Andreas is a MBARI Postdoctoral Fellow in the Brewer lab. He obtained a PhD in marine biogeochemistry in the Netherlands after his biology undergraduate and bioinformatics graduate studies in Germany. Andreas' specialty is pelagic and benthic biogeochemical modeling with a focus on pH and proton cycling. At MBARI, Andreas is working amongst others on the characterization of marine hypoxic and suboxic zones, focusing on the explicit description of physical limitations to aerobic respiration. On this cruise, Andreas will be involved in obtaining and processing Raman spectra, as well as in various other tasks supporting the objectives of the group.

Nancy Barr
Web/Print Project Manager

Nancy manages the editing, design, and production of the MBARI annual report and participates in a variety of editorial and communication projects. She also oversees the institute website. Nancy has been to sea with several MBARI research groups, helping them to carefully remove worms from whale bones, annotate video, sift seafloor sediment, and collect and process water samples. For this expedition she will be in charge of the daily reports that will be posted to this website and will assist with other science crew tasks.

Elizabeth Coward
Summer Intern

Elizabeth is an MBARI summer intern in the Brewer lab. She is a senior at Haverford College, PA, where she is obtaining her undergraduate joint degree in biology and chemistry. Elizabeth's prior research has been principally concerned with the bioavailability and geochemical dynamics of oil in marine sediments. Her interest in oceanic fossil fuels and greenhouse gases has brought her to the Brewer lab, where she will be using laser Raman spectroscopy to investigate methane and carbon dioxide signatures, the dynamics of gas hydrates and ocean acidification.

Michael Riedel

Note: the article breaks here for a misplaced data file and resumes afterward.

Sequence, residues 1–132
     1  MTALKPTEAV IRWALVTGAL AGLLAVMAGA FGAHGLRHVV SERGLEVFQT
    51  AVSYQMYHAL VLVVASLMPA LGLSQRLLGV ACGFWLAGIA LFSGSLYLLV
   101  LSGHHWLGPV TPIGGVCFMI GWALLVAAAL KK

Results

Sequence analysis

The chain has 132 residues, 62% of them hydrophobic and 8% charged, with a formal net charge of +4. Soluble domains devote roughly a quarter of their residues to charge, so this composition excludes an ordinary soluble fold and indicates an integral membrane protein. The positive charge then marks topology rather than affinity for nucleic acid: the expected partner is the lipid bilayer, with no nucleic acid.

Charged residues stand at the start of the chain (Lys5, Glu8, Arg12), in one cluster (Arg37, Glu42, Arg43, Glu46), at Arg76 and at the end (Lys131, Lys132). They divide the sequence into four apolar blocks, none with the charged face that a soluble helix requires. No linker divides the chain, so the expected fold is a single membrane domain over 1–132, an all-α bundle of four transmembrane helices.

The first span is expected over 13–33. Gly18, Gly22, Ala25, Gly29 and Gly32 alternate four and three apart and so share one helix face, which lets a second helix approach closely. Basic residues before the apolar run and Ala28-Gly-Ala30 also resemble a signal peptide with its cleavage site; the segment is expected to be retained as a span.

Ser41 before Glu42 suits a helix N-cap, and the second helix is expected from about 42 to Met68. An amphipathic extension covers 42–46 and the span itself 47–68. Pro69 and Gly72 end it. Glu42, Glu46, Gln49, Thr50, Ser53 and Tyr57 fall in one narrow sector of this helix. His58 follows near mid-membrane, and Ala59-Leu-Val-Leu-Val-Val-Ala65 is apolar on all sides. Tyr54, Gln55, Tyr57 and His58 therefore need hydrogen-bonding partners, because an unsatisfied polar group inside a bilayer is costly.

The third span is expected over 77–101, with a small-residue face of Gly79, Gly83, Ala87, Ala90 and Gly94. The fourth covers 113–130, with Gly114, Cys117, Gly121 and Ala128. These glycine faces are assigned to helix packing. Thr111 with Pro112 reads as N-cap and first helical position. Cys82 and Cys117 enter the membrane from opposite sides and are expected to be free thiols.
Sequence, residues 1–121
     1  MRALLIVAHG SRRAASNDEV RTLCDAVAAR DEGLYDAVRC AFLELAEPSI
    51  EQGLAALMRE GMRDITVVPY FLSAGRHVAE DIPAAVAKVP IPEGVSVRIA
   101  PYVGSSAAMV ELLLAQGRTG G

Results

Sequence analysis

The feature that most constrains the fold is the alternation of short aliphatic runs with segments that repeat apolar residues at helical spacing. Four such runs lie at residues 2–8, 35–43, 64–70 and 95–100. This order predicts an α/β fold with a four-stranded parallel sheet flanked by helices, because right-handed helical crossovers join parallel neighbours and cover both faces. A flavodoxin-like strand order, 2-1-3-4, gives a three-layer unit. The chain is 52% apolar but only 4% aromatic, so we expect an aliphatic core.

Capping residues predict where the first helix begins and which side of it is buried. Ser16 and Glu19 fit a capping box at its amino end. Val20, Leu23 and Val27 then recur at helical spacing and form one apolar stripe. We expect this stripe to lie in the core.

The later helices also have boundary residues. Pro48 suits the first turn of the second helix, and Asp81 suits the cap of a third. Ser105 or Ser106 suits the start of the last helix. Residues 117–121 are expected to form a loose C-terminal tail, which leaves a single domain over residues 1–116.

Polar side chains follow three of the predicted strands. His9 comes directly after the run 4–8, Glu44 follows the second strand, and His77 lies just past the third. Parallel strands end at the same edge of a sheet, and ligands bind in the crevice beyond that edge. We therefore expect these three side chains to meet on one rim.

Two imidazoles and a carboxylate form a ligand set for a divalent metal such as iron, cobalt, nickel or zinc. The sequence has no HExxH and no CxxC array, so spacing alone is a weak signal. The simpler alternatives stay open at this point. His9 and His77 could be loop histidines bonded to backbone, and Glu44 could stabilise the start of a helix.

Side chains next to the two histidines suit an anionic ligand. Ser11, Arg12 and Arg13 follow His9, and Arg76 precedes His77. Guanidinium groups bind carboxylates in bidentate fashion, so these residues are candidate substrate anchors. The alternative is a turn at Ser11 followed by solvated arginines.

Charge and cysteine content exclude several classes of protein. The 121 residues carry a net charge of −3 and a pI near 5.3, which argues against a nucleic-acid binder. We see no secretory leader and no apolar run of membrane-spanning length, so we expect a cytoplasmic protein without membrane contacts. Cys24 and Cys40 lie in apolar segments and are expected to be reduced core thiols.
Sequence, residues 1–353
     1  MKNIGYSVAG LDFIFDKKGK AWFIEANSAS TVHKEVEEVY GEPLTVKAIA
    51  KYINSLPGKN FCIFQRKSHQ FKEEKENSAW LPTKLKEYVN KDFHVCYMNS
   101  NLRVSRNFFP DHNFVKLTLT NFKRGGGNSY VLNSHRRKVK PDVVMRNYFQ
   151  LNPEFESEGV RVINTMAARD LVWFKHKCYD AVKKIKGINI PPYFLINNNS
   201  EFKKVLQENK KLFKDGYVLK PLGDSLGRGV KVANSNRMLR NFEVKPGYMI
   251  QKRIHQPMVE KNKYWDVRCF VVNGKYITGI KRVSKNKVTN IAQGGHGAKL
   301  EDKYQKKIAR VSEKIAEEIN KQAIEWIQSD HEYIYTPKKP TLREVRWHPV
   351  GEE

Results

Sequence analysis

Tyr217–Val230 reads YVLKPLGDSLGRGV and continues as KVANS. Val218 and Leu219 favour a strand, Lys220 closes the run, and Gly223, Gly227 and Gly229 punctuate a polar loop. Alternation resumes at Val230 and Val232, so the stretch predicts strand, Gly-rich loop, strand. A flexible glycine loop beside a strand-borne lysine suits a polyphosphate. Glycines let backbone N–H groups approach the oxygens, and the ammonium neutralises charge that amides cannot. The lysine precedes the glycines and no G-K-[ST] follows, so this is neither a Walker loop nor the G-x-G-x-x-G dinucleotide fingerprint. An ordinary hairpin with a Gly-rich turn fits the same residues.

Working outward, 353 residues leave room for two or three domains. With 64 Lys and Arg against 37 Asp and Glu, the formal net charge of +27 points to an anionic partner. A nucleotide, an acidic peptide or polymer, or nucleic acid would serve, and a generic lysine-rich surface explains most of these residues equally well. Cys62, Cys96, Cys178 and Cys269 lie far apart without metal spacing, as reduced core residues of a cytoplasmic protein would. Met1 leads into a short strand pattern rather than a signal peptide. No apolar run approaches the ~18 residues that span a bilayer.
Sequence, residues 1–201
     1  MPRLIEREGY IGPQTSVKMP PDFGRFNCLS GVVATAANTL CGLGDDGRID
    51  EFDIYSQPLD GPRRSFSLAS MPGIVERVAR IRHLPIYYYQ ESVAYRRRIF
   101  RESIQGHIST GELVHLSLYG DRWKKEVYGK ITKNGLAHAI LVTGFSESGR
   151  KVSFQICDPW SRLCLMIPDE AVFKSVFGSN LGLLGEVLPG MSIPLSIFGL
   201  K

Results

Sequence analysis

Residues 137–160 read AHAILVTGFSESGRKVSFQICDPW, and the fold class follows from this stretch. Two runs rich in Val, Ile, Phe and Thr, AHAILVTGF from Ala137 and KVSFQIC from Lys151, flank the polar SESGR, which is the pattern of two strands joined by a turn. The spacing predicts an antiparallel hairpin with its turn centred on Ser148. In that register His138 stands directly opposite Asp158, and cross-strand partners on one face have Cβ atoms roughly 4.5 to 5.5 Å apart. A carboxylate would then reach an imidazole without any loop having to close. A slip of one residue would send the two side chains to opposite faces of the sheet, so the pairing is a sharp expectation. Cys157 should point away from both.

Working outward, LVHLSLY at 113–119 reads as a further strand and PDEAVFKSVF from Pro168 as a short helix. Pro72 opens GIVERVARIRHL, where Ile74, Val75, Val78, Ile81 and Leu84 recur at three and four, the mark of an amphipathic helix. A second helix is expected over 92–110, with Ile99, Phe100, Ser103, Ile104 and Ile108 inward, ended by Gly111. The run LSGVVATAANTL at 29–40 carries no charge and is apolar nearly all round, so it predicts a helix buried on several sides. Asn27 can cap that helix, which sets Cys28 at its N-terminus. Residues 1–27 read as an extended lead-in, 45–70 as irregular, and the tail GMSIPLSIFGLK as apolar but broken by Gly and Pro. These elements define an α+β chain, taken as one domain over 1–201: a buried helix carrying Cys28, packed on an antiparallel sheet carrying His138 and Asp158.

Research Scientist
Natural Resources Canada - Geological Survey of Canada

Michael Riedel was part of an international team of scientists supported by the Integrated Ocean Drilling Program (IODP) which completed a unique research expedition in 2005 aimed at recovering samples of gas hydrate, an ice-like substance hidden beneath the seafloor off Canada's western coast. As IODP Expedition 311's co-chief scientist, Michael explored his interest in gas hydrate; he believes such deposits have played an important role in ancient global climate change.

Laura Lapham
Postdoctoral Researcher
National Energy Technology Lab, U.S. Department of Energy

Laura's research is concentrated on studying methane cycling at cold seeps, biogeochemcial cycling of methane and sulfer in deep sea sediments, development of deep sea instrumentation to collect novel samples, stable isotope geochemistry, modeling of biogeochemical processes and temporal variability of dissolved methane concentrations. The focus of her research has been mainly on gas hydrate environments, but she is also interested in other systems that relate to the carbon cycle. Her research seeks to understand how methane is distributed between different pools, e.g. dissolved or hydrate phases, and also to understand how local biogeochemical processes affect this methane, mostly through anaerobic methane oxidation.

Jon Furlong
University of Victoria

Jon is a graduate student at the University of Victoria studying with Michael Riedel. His bachelor's degree was completed in Earth Sciences from Memorial University in Newfoundland before he moved from one coast to the other. Jon's research focuses on neo-tectonic faulting offshore Vancouver Island and its links to gas hydrate formation and fluid migration.